How to Be Your Own Home Energy Auditor

Recently, we discussed the pros and cons of having a Home Energy Auditor evaluate the energy efficiency of your home. In that article we briefly mentioned that resources were available for the do-it-yourself energy auditor. In this article, we’ll explore what steps you need to take to get started on your own energy audit.

Finding and Fixing Indoor Air Leaks

As you start your walkthrough of the house be sure to keep a checklist of places you’ve been and air leaks you’ve found. There may be many more leaks than you expect and in unlikely places. First check for drafts and other obvious leaks. Then start to get more critical. The following places are susceptible to air leaks and should be checked:

  • Electrical outlets
  • Switch plates
  • Window frames
  • Baseboards
  • Weather stripping around doors
  • Fireplace dampers
  • Attic hatches
  • Wall- or window-mounted air conditioners

When inspecting around doors and windows, look for any noticeable daylight. Where daylight shows, air will flow. You can often fix these problems with caulk or weatherstripping. However, if your doors and windows are old and noticeably inefficient, it may be best to upgrade to newer, more efficient products.

If you are having trouble finding and fixing air leaks in your home then you can conduct a pressurization test. To do this, close all exterior doors and windows. Turn off all combustion appliances like gas furnaces and water heaters. Then, turn on all the exhaust fans in you house. These fans will pull air into the home through any leaks that may exist. Walk around the house with incense sticks and watch how the smoke moves as you run it around openings and along corners and ceilings. The smoke should make it easy to tell where air is flowing into the home.

Inspecting Outdoors

Moving to the exterior of your home, inspect anywhere that two materials meet such as exterior corners, chimneys, and the bottom of siding where it meets the foundation. You should address any holes that were drilled through the siding for vents, water spigots, and electrical outlets. Plug or caulk these holes as necessary. Also, check the caulking around all windows and doors and re-caulk if necessary. Make sure doors close and seal properly.

Check Your Insulation

Next, you should check the insulation value of your home, as best you can. Attic insulation is the easiest to inspect. Make sure you have an adequate amount of insulation and that any attic vents are not blocked by insulation. Also, seal any holes where plumbing or ductwork pass through the ceiling.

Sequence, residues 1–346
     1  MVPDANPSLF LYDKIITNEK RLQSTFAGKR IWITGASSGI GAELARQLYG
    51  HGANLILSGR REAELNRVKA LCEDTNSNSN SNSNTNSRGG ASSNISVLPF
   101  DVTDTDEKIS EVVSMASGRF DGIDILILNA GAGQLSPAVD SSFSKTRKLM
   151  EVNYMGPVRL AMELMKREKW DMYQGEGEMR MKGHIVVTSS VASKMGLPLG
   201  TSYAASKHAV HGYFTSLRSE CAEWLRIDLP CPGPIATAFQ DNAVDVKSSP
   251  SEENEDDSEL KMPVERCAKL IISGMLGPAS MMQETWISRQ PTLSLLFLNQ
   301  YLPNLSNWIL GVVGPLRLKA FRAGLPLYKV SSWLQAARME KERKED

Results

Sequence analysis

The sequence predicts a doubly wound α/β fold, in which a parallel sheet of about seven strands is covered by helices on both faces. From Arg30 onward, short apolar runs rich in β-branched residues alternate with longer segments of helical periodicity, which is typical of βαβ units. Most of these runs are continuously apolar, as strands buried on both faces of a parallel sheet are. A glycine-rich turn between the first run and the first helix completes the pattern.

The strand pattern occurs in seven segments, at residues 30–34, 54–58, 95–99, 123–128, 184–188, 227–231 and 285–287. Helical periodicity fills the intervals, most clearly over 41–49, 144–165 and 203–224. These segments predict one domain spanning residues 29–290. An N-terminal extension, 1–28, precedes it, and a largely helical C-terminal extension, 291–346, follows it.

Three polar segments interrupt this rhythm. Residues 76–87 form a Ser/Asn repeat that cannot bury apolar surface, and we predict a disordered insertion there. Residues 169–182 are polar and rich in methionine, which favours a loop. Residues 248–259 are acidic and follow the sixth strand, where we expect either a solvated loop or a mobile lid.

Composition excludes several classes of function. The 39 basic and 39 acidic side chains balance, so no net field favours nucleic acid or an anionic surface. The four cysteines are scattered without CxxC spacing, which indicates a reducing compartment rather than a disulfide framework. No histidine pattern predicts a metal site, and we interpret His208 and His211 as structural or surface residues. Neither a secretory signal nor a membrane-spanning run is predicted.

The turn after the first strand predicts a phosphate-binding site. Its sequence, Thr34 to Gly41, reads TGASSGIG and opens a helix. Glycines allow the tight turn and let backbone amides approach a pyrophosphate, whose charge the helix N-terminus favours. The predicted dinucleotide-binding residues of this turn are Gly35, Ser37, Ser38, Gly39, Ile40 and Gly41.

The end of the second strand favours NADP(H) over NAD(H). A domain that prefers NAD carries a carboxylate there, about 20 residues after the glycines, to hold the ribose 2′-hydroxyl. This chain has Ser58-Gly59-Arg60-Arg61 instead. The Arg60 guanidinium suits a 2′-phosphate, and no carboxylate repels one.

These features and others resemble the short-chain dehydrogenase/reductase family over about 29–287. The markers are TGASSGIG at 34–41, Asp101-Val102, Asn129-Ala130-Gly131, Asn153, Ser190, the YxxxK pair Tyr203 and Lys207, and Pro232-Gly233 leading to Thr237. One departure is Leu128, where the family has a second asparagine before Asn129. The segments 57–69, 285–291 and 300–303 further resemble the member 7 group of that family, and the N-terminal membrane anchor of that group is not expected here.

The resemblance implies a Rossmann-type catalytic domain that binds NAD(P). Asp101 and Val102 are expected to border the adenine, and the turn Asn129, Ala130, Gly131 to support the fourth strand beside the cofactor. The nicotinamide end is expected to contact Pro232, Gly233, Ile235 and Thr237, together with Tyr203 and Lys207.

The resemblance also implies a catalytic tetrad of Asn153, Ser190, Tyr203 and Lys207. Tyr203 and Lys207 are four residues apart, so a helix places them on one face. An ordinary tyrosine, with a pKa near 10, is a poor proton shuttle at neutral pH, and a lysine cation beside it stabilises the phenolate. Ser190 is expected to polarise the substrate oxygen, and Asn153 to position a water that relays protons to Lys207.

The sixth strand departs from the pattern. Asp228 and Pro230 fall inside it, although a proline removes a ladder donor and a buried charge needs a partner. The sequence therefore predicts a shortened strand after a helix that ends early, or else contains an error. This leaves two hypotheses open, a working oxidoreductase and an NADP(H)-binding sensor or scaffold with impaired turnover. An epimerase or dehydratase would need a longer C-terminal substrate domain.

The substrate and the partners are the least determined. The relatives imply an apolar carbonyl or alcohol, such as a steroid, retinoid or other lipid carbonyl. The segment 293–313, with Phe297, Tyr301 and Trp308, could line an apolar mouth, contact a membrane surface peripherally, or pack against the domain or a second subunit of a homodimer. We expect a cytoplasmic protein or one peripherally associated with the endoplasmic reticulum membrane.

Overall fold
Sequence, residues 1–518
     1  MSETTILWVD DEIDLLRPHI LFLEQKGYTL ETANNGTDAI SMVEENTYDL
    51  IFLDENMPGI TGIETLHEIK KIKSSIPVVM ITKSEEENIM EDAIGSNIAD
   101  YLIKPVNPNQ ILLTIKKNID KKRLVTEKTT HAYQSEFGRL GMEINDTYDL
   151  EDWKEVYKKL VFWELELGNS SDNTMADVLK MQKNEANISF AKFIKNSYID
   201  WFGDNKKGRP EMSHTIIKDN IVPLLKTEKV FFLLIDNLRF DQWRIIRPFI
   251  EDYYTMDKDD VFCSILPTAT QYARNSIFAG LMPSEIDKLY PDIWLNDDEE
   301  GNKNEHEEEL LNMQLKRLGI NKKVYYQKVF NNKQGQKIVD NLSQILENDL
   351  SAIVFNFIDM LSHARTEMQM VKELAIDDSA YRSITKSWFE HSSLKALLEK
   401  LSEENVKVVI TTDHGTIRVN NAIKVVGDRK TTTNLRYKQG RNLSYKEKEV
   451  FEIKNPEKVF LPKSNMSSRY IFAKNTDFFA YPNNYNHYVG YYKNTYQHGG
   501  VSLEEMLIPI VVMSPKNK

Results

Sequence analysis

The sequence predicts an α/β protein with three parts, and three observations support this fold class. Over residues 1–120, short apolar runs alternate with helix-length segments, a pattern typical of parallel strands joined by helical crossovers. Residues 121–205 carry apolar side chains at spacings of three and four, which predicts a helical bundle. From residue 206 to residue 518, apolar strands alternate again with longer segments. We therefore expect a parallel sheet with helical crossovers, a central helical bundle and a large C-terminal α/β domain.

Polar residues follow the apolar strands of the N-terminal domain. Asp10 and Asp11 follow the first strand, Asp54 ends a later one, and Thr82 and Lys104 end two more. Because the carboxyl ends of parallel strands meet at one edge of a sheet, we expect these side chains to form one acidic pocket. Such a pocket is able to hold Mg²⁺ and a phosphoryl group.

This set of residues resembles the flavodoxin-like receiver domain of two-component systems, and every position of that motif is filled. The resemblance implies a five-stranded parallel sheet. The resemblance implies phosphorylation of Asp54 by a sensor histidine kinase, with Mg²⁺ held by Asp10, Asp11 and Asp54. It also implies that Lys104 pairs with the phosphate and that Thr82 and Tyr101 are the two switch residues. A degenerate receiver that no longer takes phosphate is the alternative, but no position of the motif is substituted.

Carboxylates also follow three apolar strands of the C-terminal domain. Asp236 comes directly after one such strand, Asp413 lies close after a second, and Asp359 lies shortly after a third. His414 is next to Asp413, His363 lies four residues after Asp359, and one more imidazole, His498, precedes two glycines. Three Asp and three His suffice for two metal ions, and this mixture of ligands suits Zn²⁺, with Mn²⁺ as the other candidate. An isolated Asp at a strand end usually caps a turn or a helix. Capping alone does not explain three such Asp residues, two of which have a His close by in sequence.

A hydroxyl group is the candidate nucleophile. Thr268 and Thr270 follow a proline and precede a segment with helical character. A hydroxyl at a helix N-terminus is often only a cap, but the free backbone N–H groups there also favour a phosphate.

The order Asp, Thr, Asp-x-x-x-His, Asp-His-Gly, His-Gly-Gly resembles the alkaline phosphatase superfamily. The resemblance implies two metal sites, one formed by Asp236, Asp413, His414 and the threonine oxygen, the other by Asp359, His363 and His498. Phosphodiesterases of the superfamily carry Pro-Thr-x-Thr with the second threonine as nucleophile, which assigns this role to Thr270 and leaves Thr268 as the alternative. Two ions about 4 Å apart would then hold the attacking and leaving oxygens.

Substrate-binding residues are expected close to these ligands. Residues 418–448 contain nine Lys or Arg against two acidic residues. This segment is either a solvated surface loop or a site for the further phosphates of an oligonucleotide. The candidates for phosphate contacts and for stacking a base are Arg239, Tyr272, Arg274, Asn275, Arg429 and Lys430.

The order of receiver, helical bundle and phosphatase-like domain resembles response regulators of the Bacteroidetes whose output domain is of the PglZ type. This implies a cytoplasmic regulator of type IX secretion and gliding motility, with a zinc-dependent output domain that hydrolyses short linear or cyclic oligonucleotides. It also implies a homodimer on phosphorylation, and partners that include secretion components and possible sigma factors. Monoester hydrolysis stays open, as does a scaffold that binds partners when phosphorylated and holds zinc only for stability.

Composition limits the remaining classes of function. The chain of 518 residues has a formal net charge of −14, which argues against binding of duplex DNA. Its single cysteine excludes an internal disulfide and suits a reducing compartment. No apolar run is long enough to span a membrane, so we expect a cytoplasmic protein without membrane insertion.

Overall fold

The walls will be more difficult. Make sure all the power is shut off to the wall in question. Then make double sure. When you are positive that power is off, you can insert a screwdriver into the stud bay. If you feel some resistance, it will be slight, then you have insulation. You can also punch a small hole at inconspicuous locations such as closets to check for insulation.

However, just because you have insulation at these points does not mean that it exists throughout the house. This is where a professional home energy auditor becomes especially advantageous. The only way to properly determine whether you have insulation is through a thermographic inspection.

Heating, Cooling, Lighting

Heating and cooling equipment should be checked annually. Filters should be checked and changed once every month or two and if your system is older than 15 years, then consider replacing it for a new, efficient model.

Lighting is also a simple but important part of your home energy audit. Reducing the wattage of your light bulbs and switching to CFL’s are two great ways to save bundles on lighting costs.

As previously discussed, a professional home energy auditor brings certain advantages to your energy audit (i.e., blower door test, thermographic inspection, expertise). But as you can see now, it is definitely possible to conduct your own test. Following these steps will provide an overview of your home’s inefficiencies and the specific areas that need to be addressed.

Link: U.S. Department of Energy

Posted on July 10 in Solar Information by .

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